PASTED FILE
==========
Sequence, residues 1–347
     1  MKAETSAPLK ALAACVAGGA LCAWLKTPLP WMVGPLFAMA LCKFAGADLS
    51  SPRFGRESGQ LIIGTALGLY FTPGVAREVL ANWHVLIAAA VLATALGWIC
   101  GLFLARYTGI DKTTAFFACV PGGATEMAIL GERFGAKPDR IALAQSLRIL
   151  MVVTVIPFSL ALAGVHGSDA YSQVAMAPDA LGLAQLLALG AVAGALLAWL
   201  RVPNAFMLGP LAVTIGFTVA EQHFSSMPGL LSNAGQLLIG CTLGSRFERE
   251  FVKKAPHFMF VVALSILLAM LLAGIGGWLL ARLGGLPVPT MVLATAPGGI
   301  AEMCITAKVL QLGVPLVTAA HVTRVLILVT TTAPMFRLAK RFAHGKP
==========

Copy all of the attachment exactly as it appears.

Sequence, residues 1–347
     1  MKAETSAPLK ALAACVAGGA LCAWLKTPLP WMVGPLFAMA LCKFAGADLS
    51  SPRFGRESGQ LIIGTALGLY FTPGVAREVL ANWHVLIAAA VLATALGWIC
   101  GLFLARYTGI DKTTAFFACV PGGATEMAIL GERFGAKPDR IALAQSLRIL
   151  MVVTVIPFSL ALAGVHGSDA YSQVAMAPDA LGLAQLLALG AVAGALLAWL
   201  RVPNAFMLGP LAVTIGFTVA EQHFSSMPGL LSNAGQLLIG CTLGSRFERE
   251  FVKKAPHFMF VVALSILLAM LLAGIGGWLL ARLGGLPVPT MVLATAPGGI
   301  AEMCITAKVL QLGVPLVTAA HVTRVLILVT TTAPMFRLAK RFAHGKP